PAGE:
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Victim Reversal

Parents need to worry if their son is being abused by his wife

By Patti Carmalt-Vener 08/11/2011

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­­Dear Patti,
Eric, the youngest of our three kids, is 36 and has always been very quiet and even a bit passive. He’s been married to Liz for about seven years, but my wife and I have suspicions that she is verbally and physically taking her temper out on him. She has always been nice to our family, but several times when she and Eric thought they were out of earshot, my wife has heard her call him names and threaten to punch or kick him. A year ago, he had his arm in a sling and admitted to his sister it was the result of Liz throwing his toolbox at him. When his mother confronted him about this, he lied and said he’d been joking around. He later admonished his sister for breaking his confidence. When she defended her actions by telling Eric he was too important for her to keep silent, he insisted that he and Liz had worked out their problems. He’s been even quieter since then — maybe even depressed — but I can’t get him to talk to me. On a recent visit to his house, a neighbor came up as I was leaving and told me he always hears Liz screaming and berating my son. He also said Eric has been to the emergency room twice this year. Eric insists that the neighbor is lying and doesn’t like Liz. I can’t ignore this but I don’t know what to do. –Rob

Dear Rob,
I agree; you shouldn’t ignore this. Even if the incidents are exaggerated, based on perceptions, you need to do everything you can to make sure Eric doesn’t get seriously hurt. Awareness of domestic violence has steadily grown in public consciousness. While the primary focus has been on female victims, men are abused as well and suffer the same emotional consequences, such as depression, anxiety, isolation, shame, learned helplessness and degraded self-esteem. Men are also often injured severely because their female aggressors may use weapons. The lack of social and cultural support is compounded by law enforcement’s disbelief, suspicion and mockery as well as a lack of shelters and abuse hotlines for battered men.

Web sites, clinical articles and books typically frame the perpetrator as male and the victim as female, and although a high percentage of ER patients are males, men themselves view experiences of abuse as unusual, unsupportable and cause for denial or minimizing, because such acts of violence contradict their sense of identity as strong, stoic, dominant and independent.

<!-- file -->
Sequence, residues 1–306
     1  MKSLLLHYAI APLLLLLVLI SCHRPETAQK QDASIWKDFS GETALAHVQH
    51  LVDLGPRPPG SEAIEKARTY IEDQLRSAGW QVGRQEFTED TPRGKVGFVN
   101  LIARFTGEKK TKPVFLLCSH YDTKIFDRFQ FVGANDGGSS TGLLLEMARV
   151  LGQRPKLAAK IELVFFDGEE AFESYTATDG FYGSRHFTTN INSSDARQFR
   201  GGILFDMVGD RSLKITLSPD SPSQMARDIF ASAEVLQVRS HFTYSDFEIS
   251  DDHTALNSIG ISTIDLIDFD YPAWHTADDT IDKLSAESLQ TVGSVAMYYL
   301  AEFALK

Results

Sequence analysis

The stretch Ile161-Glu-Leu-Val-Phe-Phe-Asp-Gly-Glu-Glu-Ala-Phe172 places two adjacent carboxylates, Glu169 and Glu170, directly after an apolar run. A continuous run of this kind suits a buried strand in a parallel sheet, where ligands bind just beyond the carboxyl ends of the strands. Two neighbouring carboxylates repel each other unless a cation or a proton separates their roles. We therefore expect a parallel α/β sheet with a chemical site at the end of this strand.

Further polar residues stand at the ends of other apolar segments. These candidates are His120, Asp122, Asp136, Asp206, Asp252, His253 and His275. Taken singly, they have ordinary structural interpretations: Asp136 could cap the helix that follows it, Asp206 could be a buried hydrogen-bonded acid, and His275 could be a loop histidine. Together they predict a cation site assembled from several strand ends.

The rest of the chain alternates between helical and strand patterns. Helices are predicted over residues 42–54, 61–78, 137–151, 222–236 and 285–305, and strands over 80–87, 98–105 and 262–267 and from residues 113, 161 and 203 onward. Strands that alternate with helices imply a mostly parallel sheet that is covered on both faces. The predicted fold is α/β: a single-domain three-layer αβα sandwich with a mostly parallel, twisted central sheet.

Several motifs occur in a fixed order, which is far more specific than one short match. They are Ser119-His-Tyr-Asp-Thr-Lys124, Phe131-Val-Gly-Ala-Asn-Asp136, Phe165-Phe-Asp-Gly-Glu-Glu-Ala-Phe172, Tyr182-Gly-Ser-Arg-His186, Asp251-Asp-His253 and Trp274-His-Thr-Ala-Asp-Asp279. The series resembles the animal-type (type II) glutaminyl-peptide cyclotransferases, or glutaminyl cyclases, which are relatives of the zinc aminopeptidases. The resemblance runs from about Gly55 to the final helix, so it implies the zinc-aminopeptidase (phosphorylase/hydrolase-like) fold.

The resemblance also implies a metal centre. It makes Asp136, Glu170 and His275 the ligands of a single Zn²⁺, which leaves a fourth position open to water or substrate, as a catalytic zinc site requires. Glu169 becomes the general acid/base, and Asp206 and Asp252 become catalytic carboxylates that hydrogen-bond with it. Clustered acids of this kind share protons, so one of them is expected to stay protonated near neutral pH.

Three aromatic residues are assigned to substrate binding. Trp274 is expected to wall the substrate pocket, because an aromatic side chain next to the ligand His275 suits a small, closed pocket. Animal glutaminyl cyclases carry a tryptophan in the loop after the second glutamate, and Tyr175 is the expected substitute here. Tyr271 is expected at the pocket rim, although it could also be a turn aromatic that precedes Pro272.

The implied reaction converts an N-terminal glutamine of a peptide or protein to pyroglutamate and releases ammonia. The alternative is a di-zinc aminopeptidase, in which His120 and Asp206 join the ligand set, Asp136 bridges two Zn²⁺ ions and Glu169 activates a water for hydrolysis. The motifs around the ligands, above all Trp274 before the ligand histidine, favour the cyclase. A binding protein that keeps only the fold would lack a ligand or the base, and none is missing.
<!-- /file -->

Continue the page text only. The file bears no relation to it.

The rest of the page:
Commonalities in male victims include depression, guilt, insecurity, self-destructiveness, distrust and a heightened sensitivity to any form of criticism. Their sense of powerlessness may lead them to substance abuse or working long hours to avoid being with their partner. Fear of retaliation, potential economic hardship or even well-meaning intervention can also cause them to avoid friends and family. Further, it’s not uncommon for abused husbands to believe their wives’ promises that it will never happen again.

If this is true, I’m concerned for your daughter-in-law as well. While female aggressors have individual personalities, they share common traits, such as substance abuse, mental illness (including borderline personality disorder), post-traumatic stress syndrome, depression, anxiety, suicidal or homicidal thoughts and the use of psychiatric medication. Common motivators that trigger their actions include self-defense, retaliation for real or perceived threats, jealousy, resentment that they’re being ignored and a maternal instinct to protect their children from harm. Many of these women were sexually or physically abused as children, witnessed parental abuse or had disruptions in parental attachments, including placement in foster care or with relatives.

You and your wife need to decide intuitively how best to broach this situation. Should your whole family confront Eric? Or should it just be you or you and your wife?  Should you talk to Eric alone or with Liz present? There’s no easy answer, but the problem must be addressed. Treatment options vary depending upon the severity of violence and the intensity of denial, but Eric most likely needs psychotherapy as well as psycho-education. Your son may very well be in avoidance and denial, and you don’t want to be doing that as well.


 
Patti Carmalt-Vener, a faculty member with the Southern California Society for Intensive Short Term Psychotherapy, has been a psychotherapist in private practice for 23 years and has offices in Pasadena, Santa Monica and Canoga Park. Contact her at (626) 584-8582 or email pcarmalt@aol.com. Visit her Web site: patticarmalt-vener.com.

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